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Former Australian spy Witness K spared jail

Melbourne Age - June 18, 2021

David Estcourt and Anthony Galloway – The former Australian spy known as Witness K has been handed a three-month suspended sentence for conspiring to reveal classified information about an alleged Australian operation to bug East Timor's cabinet rooms during sensitive oil and gas treaty negotiations.

In a sentencing hearing in the ACT Magistrates Court on Friday, magistrate Glenn Theakston chose not to jail the former spy, who was obscured from the view of the courtroom behind a wall of black panels.

Witness K pleaded guilty to the charges on Thursday. He is now subject to a 12-month good behaviour bond.

Mr Theakston said the offence was "not trivial" and that there were good reasons for the culture of secrecy engaged in by intelligence agencies, the Guardian Australia reported.

"It cannot and should not be up to ... former staff members to unilaterally depart from those security obligations," Mr Theakston said.

"It was not a breach that was going to go hidden for some time."

Mr Theakston said the security requirements of Australian Secret Intelligence Service were "strict and absolute", but noted Witness K seemed to be motivated by a sense of justice rather than personal gain.

The former intelligence officer was involved in airing allegations that a 2004 bugging operation against East Timor appeared to give Australia an advantage in commercial negotiations to carve up oil and gas resources in the Timor Sea.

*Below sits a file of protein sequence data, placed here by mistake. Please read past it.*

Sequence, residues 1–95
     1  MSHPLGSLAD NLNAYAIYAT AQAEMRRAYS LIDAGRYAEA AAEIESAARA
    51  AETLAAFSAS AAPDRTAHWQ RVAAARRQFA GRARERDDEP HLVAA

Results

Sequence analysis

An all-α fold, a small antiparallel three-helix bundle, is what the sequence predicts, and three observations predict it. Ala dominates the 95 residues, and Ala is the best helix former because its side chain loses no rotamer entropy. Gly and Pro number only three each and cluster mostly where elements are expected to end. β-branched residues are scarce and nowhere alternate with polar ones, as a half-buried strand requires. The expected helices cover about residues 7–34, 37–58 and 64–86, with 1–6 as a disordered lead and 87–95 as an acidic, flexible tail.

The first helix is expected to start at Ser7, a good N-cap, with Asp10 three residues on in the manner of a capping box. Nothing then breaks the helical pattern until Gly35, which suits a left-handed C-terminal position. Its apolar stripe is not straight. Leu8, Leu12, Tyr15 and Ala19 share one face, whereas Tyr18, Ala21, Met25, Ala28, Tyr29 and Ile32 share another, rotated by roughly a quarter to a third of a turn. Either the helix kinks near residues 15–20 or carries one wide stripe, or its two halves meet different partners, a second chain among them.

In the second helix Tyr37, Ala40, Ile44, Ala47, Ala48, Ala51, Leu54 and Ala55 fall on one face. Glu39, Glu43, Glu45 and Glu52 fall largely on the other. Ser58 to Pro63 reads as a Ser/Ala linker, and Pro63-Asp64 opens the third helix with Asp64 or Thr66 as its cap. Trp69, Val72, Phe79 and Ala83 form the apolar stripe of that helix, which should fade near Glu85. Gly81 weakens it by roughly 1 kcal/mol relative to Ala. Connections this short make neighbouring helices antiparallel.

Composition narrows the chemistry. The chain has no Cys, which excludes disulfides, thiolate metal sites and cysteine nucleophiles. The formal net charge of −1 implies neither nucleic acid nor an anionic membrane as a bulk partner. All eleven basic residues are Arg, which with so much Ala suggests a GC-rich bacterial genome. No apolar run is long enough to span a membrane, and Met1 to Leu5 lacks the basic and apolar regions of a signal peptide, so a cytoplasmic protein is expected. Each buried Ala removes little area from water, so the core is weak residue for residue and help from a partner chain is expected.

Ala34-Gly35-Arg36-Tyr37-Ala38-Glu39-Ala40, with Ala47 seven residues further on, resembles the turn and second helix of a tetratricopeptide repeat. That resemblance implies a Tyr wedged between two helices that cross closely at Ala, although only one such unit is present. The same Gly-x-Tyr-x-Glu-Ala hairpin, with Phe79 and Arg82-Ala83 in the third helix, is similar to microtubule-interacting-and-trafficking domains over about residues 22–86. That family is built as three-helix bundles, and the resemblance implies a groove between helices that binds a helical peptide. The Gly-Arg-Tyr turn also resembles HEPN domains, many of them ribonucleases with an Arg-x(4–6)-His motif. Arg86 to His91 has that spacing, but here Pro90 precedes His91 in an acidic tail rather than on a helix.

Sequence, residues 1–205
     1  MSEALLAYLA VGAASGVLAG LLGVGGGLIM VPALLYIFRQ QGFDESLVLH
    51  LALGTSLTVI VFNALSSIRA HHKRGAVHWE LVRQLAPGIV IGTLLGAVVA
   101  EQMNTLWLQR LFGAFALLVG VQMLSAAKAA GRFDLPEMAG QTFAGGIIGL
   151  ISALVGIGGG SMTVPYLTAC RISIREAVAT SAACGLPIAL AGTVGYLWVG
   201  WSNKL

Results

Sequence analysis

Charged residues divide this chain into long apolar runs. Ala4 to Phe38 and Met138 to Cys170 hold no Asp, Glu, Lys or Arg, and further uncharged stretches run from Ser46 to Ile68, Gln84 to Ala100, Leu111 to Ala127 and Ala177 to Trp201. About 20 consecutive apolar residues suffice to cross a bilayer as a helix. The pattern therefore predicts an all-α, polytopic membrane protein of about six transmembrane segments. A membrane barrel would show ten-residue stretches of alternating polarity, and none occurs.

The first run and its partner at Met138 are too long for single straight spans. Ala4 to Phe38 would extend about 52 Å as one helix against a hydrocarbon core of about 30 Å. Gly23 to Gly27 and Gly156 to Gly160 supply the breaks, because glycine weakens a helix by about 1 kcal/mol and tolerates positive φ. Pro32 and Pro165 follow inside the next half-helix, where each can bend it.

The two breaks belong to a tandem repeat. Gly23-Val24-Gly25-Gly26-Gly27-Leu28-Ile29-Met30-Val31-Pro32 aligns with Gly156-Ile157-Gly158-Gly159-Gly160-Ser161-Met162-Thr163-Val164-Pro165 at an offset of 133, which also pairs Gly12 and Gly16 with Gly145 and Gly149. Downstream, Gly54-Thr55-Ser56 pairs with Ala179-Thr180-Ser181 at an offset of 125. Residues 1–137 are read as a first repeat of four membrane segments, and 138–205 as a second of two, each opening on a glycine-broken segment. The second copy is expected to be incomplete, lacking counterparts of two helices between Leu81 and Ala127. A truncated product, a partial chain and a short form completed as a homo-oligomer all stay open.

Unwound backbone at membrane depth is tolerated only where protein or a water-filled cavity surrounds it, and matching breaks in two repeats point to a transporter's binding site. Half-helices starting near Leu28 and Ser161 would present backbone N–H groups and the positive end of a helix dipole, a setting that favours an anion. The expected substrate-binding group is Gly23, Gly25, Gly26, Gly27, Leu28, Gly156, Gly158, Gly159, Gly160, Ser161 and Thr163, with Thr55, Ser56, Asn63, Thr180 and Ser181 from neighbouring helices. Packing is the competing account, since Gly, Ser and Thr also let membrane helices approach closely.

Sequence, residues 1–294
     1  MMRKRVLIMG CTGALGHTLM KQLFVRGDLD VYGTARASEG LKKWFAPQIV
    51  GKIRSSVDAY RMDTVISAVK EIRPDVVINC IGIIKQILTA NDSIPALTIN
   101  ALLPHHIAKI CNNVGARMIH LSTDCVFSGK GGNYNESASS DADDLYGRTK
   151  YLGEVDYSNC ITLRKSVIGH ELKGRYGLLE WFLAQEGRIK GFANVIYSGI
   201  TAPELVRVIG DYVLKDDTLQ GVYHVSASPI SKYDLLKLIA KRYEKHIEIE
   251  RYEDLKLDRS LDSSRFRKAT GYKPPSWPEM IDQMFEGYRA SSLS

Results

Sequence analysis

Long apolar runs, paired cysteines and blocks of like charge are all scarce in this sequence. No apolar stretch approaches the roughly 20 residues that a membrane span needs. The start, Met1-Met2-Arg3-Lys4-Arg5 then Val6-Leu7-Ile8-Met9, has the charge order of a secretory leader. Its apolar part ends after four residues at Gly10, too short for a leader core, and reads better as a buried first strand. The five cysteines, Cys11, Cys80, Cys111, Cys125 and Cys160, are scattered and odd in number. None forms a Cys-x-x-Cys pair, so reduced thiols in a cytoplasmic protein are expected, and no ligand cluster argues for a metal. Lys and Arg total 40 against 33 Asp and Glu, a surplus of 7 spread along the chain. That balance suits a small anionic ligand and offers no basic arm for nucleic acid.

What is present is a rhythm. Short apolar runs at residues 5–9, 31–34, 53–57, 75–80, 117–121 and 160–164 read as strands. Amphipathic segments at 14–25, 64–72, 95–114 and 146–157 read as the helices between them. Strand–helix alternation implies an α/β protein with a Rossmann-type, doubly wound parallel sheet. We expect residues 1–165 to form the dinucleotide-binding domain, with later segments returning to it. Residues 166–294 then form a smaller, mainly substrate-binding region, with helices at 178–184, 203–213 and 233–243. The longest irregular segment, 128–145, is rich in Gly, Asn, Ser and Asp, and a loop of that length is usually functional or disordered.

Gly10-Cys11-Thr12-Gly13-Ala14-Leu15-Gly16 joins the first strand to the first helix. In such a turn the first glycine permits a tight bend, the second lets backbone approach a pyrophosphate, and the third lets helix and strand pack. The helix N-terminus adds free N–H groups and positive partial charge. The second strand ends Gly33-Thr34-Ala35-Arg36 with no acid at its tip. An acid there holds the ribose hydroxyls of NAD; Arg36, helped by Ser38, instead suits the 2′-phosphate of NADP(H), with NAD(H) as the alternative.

The actions of Witness K and his former lawyer, Bernard Collaery, helped the East Timor government build a case against Australia at The Hague, which led to Canberra renegotiating the deal.

Witness K had always indicated he would plead guilty to breaching secrecy laws but there have been years of drawn-out negotiations between his defence and the prosecution over the agreed facts of the case as well as evidence that could be submitted in open court.

Mr Collaery, a barrister and former ACT attorney-general, is facing the prospect of jail for allegedly helping his client.

Mr Collaery is continuing to fight the charges against him in the ACT Supreme Court, where a two-day court hearing into an appeal brought by him challenging a secrecy order was last month held behind closed doors.

Independent senator Rex Patrick praised the actions of Witness K, labelling him as a hero and deriding his prosecution as a disgrace. "Today I stand ashamed to be Australian," Mr Patrick said.

"To be clear, Australia wasn't spying on them for reasons of national security – they were trying to swindle the newest and poorest nation in the world of oil and gas royalties.

"ASIS officer Witness K blew the whistle on this conspiracy to defraud the people of Timor-Leste. He did so through formal channels."

Human Rights Law Centre senior lawyer Kieran Pender said in a statement that the saga is a "dark chapter in Australia's history".

"Witness K did the right thing. Whistleblowers should be protected, not punished", he said.

"Instead of recognising the important role Witness K played in exposing wrongdoing, he was charged, prosecuted and has now been sentenced, with much of this process taking place in secret.

"There is no public interest in prosecuting whistleblowers."

Source: https://www.theage.com.au/national/victoria/former-australian-spy-witness-k-spared-jail-20210618-p582c8.htm